University of Stellenbosch

Reports that students have been prohibited from speaking Afrikaans – even in private conversations – at the University of Stellenbosch – are deeply disturbing. They are the latest development in the sorry decline of the language at South Africa’s oldest (and once-upon-a-time) Afrikaans university.


According to an article in Rapport on 14 March


In a statement on 10 March the University appeared to dismiss these charges as “misconceptions and untruths”. However, it did not deny that they had occurred. It simply said that they were “still being investigated” – but that if they had occurred “it would be due to an incorrect application of the (University’s English-dominant) 2016 Language policy – and would not be “condoned” by the University (emphasis added).

The University went on to insist that it would “continue ensuring that a welcoming atmosphere is created for all students to thrive as they make Stellenbosch their academic home.” Well, if there is any truth in the allegations in the Rapport article, the students involved have definitely not experienced “a welcoming atmosphere”.

If the University wishes to be true to the spirit of inclusivity it must investigate the latest allegations with all the rigor with which it has, in recent years, investigated – and responded to – complaints of exclusion from other sections of the student body.

During the past 20 years the university’s language policy has moved from Afrikaans as the unquestioned primary medium of tuition; to a situation where it was the default position; to parity with English; and, since 2016, to the primacy of English – and now, to allegations that even the private use of Afrikaans is being informally discouraged. How has this happened – in a province where Afrikaans is the primary language and where there are already three other universities that provide tuition in English?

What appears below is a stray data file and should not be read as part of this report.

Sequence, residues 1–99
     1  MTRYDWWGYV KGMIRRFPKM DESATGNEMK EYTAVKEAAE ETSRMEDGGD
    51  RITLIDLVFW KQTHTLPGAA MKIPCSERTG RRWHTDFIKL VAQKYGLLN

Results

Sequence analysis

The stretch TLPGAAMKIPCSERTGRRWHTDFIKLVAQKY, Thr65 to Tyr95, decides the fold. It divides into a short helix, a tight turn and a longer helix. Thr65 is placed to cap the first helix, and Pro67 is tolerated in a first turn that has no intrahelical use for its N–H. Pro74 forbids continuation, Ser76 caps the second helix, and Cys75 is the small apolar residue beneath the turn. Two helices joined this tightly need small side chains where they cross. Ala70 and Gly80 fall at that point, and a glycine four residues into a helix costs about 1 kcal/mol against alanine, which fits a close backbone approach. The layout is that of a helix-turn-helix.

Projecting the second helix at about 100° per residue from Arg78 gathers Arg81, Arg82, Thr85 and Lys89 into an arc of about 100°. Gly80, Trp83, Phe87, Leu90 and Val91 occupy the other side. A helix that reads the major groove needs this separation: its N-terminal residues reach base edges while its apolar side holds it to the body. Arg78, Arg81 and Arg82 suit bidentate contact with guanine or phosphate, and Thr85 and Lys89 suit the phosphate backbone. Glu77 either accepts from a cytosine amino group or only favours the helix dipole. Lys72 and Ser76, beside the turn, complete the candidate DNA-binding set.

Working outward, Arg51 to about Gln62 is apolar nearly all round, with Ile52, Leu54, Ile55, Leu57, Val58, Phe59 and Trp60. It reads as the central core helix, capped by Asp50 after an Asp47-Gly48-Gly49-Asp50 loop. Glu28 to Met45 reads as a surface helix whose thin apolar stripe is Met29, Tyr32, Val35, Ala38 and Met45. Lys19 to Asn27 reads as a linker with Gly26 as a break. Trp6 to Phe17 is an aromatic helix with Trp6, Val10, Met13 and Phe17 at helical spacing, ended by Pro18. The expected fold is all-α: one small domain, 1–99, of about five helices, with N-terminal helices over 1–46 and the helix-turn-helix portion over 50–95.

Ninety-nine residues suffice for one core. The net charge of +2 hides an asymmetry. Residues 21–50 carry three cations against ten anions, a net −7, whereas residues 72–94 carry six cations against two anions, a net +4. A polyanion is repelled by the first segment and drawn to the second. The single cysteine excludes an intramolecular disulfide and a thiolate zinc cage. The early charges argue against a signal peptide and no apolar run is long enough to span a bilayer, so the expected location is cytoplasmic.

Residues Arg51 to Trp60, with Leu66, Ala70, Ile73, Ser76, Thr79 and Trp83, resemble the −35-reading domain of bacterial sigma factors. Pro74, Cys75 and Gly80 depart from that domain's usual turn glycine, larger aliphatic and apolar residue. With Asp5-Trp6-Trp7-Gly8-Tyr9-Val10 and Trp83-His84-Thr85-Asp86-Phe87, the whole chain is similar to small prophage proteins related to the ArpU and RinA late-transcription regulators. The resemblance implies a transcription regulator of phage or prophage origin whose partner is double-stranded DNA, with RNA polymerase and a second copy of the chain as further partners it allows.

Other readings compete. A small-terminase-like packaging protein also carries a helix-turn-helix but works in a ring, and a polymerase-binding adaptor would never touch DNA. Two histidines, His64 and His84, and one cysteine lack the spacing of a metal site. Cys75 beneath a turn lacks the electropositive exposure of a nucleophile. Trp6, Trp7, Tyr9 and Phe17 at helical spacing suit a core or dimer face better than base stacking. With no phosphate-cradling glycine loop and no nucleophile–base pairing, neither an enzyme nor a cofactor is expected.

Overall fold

These developments have been driven, overwhelmingly, by the University’s own predominantly Afrikaans-speaking leadership. Most of those involved are decent, intelligent and honourable people.  However:

The University will be reviewing its language policy this year. This will be an excellent opportunity for it to investigate in depth, the degree to which its 2016 policy is achieving its stated objectives. It should conduct a rigorous assessment of the actual language situation at the university based on independent monitoring and confidential opinion surveys, to establish:

South Africa’s future as a multicultural and multilingual society might be at stake.

By Dave Steward, Chairman of the FW de Klerk Foundation